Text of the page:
(de)activation of measurement:
Measurement can be switched on and off at the programs runtime, also intermediate results can be stored online.
ProLazaX is compatible with Ubuntu 32 bit.
ProLazaX64 is compatible with Ubuntu 64 bitt.
Measurement of runtime costs measurement overhead. This is another point (like accuracy) where ProLaza shows its outstanding quality: by a very low measurement overhead. All measurement routines are extremely optimized.
Package profiling is not supported yet.
See upgrade to professional
(See also 'Differences between Freeware- and Professional Version' ).
ProLazaX(64) is a source code instrumenting profiler. Source instrumenting versus machine code instrumenting has the big advantage, that at the best position possible a time stamp can be taken: at the start and the end of the procedure body. No original code of the measured procedure has to be replaced by a branch to the measurement procedure and stored and executed there. The normal instruction flow (nearly identical as without profiling) is kept. This is one of the reasons for ProLaza's outstanding accuaracy.
Another advantage of a source
instrumenting profiler is, that idle times (caused e.g. by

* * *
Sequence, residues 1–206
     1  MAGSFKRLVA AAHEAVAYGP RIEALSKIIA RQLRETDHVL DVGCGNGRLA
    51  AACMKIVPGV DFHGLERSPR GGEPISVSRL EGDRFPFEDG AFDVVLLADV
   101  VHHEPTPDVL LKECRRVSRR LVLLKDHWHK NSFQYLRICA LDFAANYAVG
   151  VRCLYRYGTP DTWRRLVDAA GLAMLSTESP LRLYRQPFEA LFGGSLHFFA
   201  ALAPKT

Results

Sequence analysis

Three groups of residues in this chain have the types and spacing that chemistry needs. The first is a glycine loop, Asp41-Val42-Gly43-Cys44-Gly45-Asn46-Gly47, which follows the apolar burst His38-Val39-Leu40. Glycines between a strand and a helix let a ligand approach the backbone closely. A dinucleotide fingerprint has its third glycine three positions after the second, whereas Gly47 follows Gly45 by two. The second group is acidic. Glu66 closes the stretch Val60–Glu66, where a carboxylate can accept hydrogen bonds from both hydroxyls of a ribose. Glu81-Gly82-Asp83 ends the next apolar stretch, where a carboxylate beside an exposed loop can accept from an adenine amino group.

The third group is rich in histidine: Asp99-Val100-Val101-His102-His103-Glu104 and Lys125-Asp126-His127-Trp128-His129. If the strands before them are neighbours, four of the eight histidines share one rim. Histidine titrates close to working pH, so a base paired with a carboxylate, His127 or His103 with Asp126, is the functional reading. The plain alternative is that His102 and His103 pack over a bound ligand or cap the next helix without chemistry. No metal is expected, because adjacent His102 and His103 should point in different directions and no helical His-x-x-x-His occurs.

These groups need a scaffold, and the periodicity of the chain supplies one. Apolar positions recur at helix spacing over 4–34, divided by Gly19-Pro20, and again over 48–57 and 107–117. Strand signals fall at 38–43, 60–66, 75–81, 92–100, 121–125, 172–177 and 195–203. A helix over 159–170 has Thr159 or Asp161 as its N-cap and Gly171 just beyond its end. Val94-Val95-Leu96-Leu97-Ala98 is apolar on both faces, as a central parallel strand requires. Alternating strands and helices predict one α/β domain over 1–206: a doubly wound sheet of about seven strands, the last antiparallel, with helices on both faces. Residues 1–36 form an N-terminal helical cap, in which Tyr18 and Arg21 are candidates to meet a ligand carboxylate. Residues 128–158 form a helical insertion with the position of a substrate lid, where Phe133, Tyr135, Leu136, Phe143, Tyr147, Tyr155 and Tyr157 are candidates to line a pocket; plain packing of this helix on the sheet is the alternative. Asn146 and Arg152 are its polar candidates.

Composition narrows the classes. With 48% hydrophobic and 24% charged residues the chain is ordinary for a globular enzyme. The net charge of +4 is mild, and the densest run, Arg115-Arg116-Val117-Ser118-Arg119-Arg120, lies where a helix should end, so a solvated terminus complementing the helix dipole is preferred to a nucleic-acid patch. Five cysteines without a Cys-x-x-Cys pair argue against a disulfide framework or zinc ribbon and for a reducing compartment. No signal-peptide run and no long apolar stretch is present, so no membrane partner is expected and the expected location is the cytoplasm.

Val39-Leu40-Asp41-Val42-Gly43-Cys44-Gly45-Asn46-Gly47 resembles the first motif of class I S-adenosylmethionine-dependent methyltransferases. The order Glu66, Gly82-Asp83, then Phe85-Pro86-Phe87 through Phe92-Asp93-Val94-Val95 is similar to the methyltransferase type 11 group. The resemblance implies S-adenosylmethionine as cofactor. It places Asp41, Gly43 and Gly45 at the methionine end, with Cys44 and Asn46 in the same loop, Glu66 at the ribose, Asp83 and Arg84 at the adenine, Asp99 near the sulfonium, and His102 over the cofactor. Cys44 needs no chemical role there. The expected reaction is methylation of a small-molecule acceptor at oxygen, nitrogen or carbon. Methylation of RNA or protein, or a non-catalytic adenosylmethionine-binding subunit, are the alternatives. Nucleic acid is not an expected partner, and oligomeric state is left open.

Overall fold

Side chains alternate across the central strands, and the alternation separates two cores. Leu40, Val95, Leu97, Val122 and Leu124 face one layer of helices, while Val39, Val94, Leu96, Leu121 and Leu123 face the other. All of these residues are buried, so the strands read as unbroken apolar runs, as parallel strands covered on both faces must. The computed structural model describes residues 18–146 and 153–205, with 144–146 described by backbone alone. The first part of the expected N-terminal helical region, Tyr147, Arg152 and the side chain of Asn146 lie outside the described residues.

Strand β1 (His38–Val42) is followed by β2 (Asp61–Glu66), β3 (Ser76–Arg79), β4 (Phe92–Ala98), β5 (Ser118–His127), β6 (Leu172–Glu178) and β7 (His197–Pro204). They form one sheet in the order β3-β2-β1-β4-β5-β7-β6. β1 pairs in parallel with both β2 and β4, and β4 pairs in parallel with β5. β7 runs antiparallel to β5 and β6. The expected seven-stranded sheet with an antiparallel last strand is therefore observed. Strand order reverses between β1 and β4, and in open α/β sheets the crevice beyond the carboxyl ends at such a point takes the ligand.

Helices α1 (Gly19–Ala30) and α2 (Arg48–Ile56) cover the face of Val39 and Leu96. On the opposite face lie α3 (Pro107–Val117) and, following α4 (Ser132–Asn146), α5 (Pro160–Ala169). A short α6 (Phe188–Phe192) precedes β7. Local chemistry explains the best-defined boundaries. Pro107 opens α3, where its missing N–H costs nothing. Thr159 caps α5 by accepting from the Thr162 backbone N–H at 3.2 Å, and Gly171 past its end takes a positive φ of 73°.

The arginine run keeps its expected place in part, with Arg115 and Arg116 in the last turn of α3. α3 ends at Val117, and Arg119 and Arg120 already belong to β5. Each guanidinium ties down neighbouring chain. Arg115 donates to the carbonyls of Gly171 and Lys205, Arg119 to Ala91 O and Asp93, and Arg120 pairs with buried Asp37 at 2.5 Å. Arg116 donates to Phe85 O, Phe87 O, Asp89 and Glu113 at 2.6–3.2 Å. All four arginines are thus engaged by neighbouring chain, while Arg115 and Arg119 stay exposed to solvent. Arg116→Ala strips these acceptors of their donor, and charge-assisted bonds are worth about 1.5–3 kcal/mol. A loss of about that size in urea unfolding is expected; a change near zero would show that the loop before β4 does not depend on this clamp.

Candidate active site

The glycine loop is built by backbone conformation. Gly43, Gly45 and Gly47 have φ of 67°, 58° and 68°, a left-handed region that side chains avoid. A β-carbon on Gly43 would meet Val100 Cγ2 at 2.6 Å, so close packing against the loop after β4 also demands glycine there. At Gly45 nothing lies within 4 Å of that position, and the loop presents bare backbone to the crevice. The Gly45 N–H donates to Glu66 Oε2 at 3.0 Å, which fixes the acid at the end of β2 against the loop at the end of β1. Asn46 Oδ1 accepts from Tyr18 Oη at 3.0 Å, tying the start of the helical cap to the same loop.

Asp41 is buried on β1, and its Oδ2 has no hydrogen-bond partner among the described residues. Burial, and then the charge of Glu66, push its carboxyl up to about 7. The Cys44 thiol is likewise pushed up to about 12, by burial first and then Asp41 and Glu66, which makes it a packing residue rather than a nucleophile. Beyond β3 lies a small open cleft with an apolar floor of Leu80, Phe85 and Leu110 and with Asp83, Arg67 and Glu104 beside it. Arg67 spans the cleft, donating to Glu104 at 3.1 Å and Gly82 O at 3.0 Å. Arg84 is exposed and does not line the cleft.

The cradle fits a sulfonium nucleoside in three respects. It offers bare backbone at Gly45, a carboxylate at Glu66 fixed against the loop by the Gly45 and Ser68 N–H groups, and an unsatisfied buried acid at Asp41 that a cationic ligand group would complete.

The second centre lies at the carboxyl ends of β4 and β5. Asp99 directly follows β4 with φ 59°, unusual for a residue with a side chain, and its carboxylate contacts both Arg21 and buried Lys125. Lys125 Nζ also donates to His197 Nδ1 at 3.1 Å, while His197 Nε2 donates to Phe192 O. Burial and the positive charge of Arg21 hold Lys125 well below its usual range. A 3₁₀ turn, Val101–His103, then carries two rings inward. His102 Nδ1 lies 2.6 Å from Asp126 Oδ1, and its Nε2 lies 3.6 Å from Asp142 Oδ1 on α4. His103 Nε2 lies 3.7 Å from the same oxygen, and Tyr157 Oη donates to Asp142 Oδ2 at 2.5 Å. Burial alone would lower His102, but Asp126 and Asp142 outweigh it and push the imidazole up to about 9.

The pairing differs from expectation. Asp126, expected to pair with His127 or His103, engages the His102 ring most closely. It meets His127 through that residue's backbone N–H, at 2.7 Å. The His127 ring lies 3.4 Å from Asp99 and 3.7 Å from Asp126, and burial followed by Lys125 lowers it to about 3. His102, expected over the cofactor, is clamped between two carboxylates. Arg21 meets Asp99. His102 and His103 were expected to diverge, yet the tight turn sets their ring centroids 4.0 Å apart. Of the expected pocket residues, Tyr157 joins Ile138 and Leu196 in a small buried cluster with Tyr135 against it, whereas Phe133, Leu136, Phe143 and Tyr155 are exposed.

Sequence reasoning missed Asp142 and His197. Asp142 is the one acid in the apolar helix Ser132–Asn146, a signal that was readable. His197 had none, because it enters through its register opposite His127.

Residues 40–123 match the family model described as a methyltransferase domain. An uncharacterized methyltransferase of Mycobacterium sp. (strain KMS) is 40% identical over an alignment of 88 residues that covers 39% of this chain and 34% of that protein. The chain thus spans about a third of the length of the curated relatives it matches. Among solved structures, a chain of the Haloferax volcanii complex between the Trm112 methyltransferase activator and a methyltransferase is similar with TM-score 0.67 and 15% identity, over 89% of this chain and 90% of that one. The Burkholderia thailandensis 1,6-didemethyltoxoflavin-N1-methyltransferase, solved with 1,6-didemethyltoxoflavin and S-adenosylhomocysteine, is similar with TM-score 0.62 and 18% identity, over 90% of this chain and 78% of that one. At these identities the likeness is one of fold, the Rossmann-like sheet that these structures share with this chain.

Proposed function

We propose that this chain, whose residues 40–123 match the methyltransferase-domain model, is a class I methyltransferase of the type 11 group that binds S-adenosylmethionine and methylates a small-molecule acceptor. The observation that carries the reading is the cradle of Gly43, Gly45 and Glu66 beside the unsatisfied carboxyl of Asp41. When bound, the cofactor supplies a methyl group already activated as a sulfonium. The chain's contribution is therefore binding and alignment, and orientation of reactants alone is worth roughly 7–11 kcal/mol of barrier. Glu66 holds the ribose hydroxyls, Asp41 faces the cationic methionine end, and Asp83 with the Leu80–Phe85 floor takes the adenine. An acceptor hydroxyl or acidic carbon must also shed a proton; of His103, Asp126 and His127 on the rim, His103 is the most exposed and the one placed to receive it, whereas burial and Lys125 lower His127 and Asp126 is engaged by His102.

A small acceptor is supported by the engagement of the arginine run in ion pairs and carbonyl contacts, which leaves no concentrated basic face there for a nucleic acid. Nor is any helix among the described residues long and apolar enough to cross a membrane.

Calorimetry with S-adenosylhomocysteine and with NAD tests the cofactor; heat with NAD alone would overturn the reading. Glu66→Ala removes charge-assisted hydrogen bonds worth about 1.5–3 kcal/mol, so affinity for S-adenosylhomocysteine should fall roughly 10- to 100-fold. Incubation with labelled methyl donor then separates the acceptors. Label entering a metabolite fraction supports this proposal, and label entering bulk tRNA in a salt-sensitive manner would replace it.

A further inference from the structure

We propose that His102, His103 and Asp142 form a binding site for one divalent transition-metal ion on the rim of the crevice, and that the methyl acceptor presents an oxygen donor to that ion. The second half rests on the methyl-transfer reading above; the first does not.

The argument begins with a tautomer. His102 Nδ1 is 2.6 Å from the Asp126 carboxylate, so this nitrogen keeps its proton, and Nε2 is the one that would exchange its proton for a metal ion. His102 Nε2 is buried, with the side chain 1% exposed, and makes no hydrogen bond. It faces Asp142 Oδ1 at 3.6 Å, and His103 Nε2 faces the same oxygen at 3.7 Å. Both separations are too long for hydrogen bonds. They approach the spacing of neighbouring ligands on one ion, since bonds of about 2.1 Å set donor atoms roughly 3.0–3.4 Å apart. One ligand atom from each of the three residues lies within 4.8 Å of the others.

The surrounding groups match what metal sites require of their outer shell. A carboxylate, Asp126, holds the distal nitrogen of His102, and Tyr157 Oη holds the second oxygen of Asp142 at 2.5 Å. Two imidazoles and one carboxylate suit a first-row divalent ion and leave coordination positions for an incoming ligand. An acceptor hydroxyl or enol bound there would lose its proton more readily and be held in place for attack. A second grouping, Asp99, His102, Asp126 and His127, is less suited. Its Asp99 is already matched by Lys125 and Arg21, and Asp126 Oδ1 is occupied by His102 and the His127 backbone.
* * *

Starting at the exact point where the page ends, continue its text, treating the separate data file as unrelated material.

opening a message box) can be handled. Before calling the
Windows- or LCL - function, the measurement is deactivated.
The only disadvantage of a source instrumenting profiler is that the source files are changed by the vaccination (instrumentation) process. To avoid the risk of impacting the sources, they should be saved before.
Sampling profilers: with a low sampling rate small procedures can not be measured, with a high sampling rate the profiled program has to be interrupted very often, what means, that the runtime behaviour of the tested program is changed very much. Sampling profilers also cannot handle idle times.
See also comparison between the three profiler types .
Measurement can be switched on and off at runtime. Intermediate results can be stored on disk.